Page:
THE STATSIES PRESENTED BY BETWAY
xGF: I’m giving this one to Quinn Hughes since Dakota Joshua barely played at all in this game. The defenceman posted a 43.08 xGF%, only a slight increase from his 42.62 xGF% at 5v5 play. Hughes was on ice for a 13-9 scoring chance difference, a 5-4 HDCF disparity as well to just edge out into the positives. He also finished second to Ian Cole in raw xGF (0.73), which isn’t the greatest offensive output. At least we know that he’s better than Seth Jones, right?
GSAx: What more could be said about Thatcher Demko’s performance? He was the sole reason why the Canucks were even within striking distance of the Flyers for the majority of the game, slamming the door shut when it counted. Facing down a total of 4.29 xGF, Demko came up huge with a 2.29 GSAx, the highest he’s recorded this season thus far. The two goals against were recorded as one high-danger, one middle-danger, which is not bad pickings at all. Demko was probably the only Canuck that showed up ready to play in Philly.
Elias Pettersson’s weird night: Normally, when Pettersson appears in one of these recaps it’s for good reasons. Against the Flyers though, it’s for not-so-good statistics. Pettersson’s numbers look pretty darn bad, and I’m not sure what to chalk it up to. He had the second-worst Corsi (37.50), the worst xGA (1.7), and yielded a team-high 14 scoring chances against, all at 5v5 play. It doesn’t get much better when looking across all situations, as Pettersson’s xGA balloons to 3.02, a team-high 18 scoring chances against, while tying for the team-worst with 8 high-danger chances against. The numbers just aren’t kind to Pettersson and it wasn’t as if Philadelphia was doing anything particular when it came to matching up against him. Egor Zamula faced Pettersson the most at 5v5 play with 6:04 against each other, while Scott Laughton was the next highest with a 4:49 TOI. It just wasn’t Pettersson’s night – and it’s probably just an outlier.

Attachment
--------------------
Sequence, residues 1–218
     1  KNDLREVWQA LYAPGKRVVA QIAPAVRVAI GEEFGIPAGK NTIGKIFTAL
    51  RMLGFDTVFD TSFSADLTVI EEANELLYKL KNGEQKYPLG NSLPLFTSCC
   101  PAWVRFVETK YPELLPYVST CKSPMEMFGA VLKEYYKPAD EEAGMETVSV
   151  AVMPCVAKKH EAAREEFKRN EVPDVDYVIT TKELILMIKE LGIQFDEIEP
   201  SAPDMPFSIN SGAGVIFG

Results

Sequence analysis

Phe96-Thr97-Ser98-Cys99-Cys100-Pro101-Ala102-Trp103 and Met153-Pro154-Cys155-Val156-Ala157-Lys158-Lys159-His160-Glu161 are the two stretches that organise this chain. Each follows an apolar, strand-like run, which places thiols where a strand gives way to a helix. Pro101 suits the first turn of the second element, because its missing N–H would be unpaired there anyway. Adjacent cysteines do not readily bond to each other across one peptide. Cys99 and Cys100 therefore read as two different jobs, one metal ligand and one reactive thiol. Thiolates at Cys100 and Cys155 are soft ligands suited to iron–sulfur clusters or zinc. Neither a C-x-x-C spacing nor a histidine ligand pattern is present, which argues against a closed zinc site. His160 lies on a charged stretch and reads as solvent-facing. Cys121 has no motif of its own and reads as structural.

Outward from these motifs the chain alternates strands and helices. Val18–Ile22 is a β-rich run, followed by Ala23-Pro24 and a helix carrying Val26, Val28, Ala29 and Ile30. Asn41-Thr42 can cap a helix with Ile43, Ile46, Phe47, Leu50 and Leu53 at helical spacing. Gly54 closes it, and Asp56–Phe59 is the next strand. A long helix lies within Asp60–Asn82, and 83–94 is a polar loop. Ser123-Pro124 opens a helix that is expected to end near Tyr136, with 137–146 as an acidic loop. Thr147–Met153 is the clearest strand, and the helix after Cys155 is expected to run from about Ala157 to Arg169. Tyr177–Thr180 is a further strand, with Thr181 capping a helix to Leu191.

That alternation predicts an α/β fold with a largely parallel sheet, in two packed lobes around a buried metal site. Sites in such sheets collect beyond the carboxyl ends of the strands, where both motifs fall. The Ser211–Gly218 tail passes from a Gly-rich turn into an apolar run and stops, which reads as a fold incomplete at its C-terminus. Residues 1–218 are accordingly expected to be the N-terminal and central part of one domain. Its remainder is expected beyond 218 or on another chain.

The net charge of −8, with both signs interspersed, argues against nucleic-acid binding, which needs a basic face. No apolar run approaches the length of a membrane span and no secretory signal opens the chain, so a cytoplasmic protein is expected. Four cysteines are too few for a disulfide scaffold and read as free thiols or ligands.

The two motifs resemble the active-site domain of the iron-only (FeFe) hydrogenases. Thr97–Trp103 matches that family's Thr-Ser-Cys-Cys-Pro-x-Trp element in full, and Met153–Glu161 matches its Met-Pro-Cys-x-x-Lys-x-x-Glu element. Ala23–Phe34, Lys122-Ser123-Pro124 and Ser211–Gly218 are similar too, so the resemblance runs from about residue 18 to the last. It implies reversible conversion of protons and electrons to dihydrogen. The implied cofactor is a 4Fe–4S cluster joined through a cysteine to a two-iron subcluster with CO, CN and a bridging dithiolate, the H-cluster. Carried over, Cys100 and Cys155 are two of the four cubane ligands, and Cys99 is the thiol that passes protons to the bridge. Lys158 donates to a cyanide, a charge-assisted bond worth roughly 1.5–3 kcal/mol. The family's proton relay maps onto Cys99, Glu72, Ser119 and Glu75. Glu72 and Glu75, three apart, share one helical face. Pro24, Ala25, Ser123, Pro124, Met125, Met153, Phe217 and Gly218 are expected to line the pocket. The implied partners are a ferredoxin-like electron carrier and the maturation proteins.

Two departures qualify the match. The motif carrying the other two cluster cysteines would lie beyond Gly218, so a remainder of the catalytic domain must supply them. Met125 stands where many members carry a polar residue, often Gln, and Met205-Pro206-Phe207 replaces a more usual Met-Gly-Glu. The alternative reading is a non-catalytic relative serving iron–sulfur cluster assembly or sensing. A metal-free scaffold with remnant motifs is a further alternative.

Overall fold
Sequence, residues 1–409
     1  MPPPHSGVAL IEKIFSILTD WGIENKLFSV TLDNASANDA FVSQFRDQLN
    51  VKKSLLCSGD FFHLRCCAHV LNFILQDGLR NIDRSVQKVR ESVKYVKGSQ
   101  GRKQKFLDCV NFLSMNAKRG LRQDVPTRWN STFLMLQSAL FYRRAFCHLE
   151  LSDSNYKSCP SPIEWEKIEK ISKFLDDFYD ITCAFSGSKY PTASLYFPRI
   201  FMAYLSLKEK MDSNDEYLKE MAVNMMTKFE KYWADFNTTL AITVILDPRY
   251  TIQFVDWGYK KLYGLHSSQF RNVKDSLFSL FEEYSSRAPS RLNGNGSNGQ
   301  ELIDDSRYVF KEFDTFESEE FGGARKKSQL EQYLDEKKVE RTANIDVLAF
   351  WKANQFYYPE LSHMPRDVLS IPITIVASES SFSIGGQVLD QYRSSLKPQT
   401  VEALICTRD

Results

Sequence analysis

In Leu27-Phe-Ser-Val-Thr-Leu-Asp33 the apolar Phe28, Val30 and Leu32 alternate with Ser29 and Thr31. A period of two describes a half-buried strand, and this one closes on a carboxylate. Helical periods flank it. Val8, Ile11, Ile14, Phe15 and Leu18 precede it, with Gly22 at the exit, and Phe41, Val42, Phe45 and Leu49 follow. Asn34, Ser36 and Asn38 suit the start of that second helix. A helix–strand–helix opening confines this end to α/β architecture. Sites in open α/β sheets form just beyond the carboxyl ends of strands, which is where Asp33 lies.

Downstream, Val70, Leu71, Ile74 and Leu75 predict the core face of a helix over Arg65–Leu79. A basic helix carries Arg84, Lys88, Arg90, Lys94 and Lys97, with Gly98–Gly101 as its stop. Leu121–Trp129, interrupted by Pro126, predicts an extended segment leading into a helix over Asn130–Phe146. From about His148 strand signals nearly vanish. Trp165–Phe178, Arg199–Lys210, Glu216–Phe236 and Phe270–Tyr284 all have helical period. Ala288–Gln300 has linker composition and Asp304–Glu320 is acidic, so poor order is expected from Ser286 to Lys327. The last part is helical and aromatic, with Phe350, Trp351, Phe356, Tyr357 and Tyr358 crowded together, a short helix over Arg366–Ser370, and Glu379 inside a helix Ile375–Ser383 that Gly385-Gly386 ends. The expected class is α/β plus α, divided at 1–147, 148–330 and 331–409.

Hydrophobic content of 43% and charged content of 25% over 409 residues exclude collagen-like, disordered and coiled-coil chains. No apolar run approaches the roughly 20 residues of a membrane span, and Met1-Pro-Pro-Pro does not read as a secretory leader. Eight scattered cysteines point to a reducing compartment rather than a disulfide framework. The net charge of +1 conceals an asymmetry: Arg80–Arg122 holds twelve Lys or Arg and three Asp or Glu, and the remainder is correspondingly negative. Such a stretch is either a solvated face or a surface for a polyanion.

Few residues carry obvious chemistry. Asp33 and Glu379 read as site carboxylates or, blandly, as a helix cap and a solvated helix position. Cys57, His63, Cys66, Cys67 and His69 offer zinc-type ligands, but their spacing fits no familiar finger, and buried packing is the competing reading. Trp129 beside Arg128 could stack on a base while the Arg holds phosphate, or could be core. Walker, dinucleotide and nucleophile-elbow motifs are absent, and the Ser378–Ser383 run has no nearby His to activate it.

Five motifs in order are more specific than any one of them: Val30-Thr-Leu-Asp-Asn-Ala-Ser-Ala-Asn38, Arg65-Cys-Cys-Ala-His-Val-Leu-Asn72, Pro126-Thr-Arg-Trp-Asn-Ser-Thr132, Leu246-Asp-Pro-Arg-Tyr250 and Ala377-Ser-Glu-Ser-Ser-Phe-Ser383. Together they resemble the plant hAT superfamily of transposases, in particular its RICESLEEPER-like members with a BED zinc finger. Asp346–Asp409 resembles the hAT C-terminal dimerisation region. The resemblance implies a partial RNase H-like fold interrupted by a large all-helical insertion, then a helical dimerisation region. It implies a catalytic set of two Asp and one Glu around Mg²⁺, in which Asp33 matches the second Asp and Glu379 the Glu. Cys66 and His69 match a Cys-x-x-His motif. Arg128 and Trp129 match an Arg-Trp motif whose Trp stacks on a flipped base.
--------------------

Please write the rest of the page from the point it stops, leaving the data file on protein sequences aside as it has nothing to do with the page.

Why is Tyler Myers playing top 4 minutes?: The whole defence by committee thing was really promising through the first two games. Limiting the amount of ice time that each defender had to eat up was paying dividends – so when Tyler Myers featured in 17:46 TOI, the 4th most on the team, the results weren’t the best. It makes sense that the team wants to ease Carson Soucy back into the lineup, with the hopes of playing him on the right side, but until that happens, Myers is the second-best RHD on the team – and that’s a problem. He tied with Hronek for the most giveaways on the team last night, posting the second-worst CF% numbers amongst defencemen at 5v5 (44.12) while being second to Elias Pettersson in xGA (1.66). Obviously, Myers isn’t exactly expected to be an all-worldly defender, but it’s hard to have him in the top 4 and expect to compete for a playoff spot this season.
As a team
CF% – 48.72% HDCF% – 33.33% xGF% – 29.84%
The decent Corsi but low expected goals should explain the theme of the game. Vancouver was flat. The moments they had the puck, they didn’t look dangerous, unable to generate sustained pressure or consistent offensive chances, and suffered as a result. It wasn’t as if the first period was a disasterclass – what was a disaster was how the team folded in the second and third. That was a common theme in the 2022-23 Canucks, one that seemed to be buried under the surface after two straight wins. Hopefully, this team is able to bounce back and come out with a little more desire in their next matchup.
Vancouver heads down to Tampa Bay on Thursday to take on the Lightning.
Stats provided by naturalstattrick.com